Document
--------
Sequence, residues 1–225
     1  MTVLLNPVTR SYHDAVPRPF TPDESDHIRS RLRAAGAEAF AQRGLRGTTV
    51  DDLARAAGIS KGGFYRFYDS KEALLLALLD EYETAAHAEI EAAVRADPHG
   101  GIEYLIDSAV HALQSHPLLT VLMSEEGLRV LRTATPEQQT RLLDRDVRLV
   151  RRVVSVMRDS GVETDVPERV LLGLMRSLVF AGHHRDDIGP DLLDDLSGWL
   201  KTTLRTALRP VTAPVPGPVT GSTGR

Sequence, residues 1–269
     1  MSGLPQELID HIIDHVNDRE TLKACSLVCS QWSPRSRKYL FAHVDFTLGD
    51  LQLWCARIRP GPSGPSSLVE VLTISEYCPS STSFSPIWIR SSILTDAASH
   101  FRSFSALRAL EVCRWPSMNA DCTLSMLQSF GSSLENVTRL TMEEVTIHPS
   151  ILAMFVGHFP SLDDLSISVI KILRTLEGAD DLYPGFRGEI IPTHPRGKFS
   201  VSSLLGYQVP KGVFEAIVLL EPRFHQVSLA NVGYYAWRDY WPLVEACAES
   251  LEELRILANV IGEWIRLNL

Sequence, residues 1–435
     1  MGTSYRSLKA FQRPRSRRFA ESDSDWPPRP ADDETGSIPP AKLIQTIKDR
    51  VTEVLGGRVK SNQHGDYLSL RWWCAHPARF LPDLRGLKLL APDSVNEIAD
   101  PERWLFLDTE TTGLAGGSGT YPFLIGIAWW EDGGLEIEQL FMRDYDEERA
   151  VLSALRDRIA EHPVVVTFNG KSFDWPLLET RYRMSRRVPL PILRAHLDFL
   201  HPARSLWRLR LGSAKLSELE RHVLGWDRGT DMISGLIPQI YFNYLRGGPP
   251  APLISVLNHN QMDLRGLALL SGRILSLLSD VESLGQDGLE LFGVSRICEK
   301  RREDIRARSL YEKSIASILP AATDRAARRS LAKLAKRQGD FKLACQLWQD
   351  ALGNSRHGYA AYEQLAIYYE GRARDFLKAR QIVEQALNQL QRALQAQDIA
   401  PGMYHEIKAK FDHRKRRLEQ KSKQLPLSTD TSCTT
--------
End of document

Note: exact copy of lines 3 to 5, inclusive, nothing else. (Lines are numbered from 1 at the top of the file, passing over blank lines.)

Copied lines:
    51  DDLARAAGIS KGGFYRFYDS KEALLLALLD EYETAAHAEI EAAVRADPHG
   101  GIEYLIDSAV HALQSHPLLT VLMSEEGLRV LRTATPEQQT RLLDRDVRLV
   151  RRVVSVMRDS GVETDVPERV LLGLMRSLVF AGHHRDDIGP DLLDDLSGWL